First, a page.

A serious security flaw in runC can result in root privilege escalation in Docker and Kubernetes

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February 13, 2019

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A security flaw discovered by Adam Iwaniuk and Borys Popławski and found in open source software runC was disclosed on February 11th, 2019 and described in CVE-2019-5736.

The vulnerability, affecting several container engines such as Docker and Kubernetes, is found in a key component of container engines and allows containers to break out of their isolated context and gain access to the host server which they run on, effectively accessing other containers as well and gaining root-level privileges on the host.

This security issue follows a critical vulnerability reported on December 3rd 2018 that found a kubernetes API component susceptible to attacks that allows execution of arbitrary commands in running containers.

William Bowling shared a video on Twitter that shows the proof-of-concept attack in action. The runC binary on the host server is altered from within a running container with a backdoored version:

Iwaniuk and Popławski released a blog post today detailing the runC attack describing their inspiration for the research that leads to the discovery of the vulnerability.

The Vulnerability

How is the vulnerability made possible? Christian Brauner wrote about the importance of understanding the semantics of privileged vs unprivileged containers:

What we really mean by a privileged container is a container where the semantics for id 0 are the same inside and outside of the container ceteris paribus. I say “ceteris paribus” because using LSMs, seccomp or any other security mechanism will not cause a change in the meaning of id 0 inside and outside the container. For example, a breakout caused by a bug in the runtime implementation will give you root access on the host.

An unprivileged container is a container in which the semantics for id 0 inside the container are different from id 0 outside the container. For example, a breakout caused by a bug in the runtime implementation will not give you root access on the host by default. This should only be possible if the kernel’s user namespace implementation has a bug.

The high severity of this vulnerable and its applicability is due to the fact that Docker containers run as privileged containers by default, as well as is attributed to the nature of how the runC command-line binary is used.

As Brauner explains, container technology implementations such as Docker executes the runC binary every time a container command is instructed, after which the runC process terminates. Because of that, a malicious container can alter therunC binary, and all further container instructions will effectively execute the modified runC binary.

This is a substantial difference from how LXC works, whereby a similar process doesn’t terminate after executing container instructions:

LXC cannot be attacked through a malicious image since the monitor process (a singleton per-container) never exits during the containers life cycle. Since the kernel does not allow modifications to running binaries it is not possible for the attacker to corrupt it. When the container is shut down or killed the attacking task will be killed before it can do any harm. Only when the last process running inside the container has exited will the monitor itself exit. This has the consequence, that if you run privileged OCI containers via our OCI template with LXC you are not vulnerable to malicious images. Only the vector through the attaching binary still applies.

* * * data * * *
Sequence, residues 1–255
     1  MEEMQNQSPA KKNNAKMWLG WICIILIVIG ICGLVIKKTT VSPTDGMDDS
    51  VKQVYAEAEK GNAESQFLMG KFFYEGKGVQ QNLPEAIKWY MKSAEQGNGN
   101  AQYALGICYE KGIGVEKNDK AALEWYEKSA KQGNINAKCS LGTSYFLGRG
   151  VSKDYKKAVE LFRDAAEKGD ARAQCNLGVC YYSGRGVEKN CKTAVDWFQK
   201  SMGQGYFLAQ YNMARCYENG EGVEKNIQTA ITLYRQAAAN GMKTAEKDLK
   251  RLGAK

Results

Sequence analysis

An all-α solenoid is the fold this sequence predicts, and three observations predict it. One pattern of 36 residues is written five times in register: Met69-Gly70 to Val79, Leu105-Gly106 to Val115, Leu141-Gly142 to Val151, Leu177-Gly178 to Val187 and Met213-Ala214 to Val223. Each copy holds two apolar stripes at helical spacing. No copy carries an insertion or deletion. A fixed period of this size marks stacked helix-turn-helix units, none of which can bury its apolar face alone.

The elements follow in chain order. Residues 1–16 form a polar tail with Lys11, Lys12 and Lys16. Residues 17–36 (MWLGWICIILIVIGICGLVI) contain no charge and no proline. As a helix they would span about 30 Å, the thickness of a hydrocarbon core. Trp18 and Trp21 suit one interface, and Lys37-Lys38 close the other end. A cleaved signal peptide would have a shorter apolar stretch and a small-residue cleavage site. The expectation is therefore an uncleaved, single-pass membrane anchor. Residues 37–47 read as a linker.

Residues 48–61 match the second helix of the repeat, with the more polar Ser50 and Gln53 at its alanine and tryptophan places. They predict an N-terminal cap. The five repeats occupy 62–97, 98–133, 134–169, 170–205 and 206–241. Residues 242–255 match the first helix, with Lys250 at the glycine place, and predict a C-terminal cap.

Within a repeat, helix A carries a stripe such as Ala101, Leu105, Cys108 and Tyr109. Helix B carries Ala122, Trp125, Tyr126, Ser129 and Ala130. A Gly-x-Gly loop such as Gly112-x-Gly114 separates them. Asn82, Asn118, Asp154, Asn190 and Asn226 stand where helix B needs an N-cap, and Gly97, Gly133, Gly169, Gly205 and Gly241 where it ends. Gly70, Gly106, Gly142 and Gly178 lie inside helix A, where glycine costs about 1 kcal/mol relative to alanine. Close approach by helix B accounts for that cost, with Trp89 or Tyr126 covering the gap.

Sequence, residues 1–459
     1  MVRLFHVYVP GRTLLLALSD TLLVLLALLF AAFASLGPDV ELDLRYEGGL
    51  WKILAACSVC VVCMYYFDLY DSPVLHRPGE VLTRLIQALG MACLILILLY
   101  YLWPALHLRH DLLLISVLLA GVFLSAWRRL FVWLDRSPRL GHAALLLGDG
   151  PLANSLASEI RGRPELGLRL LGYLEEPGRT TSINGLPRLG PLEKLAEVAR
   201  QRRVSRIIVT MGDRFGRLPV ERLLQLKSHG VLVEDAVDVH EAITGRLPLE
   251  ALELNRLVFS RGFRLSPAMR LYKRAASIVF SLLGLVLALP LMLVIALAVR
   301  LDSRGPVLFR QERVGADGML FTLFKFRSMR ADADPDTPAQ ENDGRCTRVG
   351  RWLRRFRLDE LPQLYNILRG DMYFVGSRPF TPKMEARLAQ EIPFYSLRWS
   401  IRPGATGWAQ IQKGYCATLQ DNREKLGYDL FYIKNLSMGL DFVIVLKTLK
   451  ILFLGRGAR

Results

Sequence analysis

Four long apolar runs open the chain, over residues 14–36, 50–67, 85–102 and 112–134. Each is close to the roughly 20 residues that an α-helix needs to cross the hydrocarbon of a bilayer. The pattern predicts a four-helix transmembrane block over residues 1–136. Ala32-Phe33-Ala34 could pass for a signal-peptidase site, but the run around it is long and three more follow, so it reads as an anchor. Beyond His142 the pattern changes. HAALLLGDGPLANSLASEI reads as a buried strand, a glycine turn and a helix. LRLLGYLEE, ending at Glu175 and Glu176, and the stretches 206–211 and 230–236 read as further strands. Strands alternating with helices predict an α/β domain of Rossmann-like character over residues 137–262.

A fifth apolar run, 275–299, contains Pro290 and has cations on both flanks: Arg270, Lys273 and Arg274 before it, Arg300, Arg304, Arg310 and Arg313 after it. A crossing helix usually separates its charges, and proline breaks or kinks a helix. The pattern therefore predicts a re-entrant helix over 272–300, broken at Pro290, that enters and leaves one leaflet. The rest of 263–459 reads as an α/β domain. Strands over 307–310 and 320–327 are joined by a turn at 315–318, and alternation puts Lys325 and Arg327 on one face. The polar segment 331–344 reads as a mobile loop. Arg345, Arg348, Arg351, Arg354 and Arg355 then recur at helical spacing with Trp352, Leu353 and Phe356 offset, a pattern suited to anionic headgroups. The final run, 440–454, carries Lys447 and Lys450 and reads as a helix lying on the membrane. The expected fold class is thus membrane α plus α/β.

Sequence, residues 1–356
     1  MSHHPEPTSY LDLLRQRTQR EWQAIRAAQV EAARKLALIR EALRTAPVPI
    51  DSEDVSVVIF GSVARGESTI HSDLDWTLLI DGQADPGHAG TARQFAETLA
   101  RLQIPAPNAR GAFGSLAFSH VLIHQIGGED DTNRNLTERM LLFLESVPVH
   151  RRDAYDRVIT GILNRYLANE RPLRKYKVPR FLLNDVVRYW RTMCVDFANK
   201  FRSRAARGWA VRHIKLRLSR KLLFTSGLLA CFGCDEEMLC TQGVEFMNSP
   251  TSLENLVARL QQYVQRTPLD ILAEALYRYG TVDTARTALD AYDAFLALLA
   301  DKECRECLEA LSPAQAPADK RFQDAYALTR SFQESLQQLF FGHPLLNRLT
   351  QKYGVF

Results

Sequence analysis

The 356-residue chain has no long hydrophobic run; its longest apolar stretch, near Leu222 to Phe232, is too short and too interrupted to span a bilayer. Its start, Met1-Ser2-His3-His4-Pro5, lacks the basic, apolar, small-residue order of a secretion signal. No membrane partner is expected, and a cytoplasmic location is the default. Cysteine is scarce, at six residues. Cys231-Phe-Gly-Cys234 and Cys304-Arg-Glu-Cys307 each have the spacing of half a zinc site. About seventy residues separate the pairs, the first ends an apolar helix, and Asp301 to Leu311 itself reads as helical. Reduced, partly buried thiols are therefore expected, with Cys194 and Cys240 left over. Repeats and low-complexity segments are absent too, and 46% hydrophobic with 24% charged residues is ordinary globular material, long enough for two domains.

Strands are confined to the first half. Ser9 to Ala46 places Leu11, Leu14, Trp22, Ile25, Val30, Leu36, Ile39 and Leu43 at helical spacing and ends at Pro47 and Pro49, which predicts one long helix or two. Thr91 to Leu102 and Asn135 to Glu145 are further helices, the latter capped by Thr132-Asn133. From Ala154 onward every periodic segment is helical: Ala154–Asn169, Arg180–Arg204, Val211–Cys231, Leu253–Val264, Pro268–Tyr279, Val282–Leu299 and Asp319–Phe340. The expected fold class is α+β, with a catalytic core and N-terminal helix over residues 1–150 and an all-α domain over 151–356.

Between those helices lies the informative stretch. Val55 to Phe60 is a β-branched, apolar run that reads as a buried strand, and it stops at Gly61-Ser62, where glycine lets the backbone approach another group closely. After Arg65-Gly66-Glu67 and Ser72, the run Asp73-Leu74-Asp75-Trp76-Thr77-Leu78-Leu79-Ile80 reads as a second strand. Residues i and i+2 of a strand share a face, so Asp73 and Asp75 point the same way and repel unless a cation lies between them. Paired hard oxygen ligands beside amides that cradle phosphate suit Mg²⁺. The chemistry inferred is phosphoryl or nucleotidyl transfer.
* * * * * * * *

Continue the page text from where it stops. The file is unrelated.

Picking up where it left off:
This vulnerability further reminds us of the least privilege security principle and best practice that is often advised to make sure that the weakest link isn’t a source for deeper escalations and exploitations.

Security Concerns & Responsible Disclosure

The ultimate premise of containerization technology is the isolation between different apps and services, which undoubtedly causes alarms to go off when this isn’t the case.

Software supply chain attacks are not new in the container world and have made headlines in applications libraries as well. In an article posted on threatpost in 2018, it was found by the research of Kromtech Security Center that more than seventeen malicious containers were actively in-use in illegal cryptomining activity. The malicious images were hosted and later removed on Docker Hub, the official public registry for docker images.

In an update about the runC vulnerability, Aleksa Sarai, a runC maintainer and a senior software engineer at SUSE Linux, shared yesterday that another linux container technology called LXC is also vulnerable to the aforementioned CVE, although through a different attack vector.

It also mentioned that exploit code will be made public on February 18th to test and verify whether the security vulnerability has been patched successfully, urging users to apply patches in a responsible manner.

If you haven’t tried Snyk yet, consider trying our CLI to run tests locally or connect your source code repositories for automated scanning and remediation. If you're already using Snyk you should know we track this vulnerability in the database.

We’re happy to find that the Open Container Initiative (OCI) has added a SECURITY.md to their registry to provide researchers with responsible disclosure guidelines for security matters. We had recommended this in the past along with other secure source-code management guidelines that you can find in our GitHub Security Best Practices.


  • Avoid running untrusted and unverified container base images

  • Always apply least privilege principle and opt-in to run unprivileged containers

  • Scan for vulnerabilities in open source libraries to surface any unpatched servers you may have that are still vulnerable to this CVE

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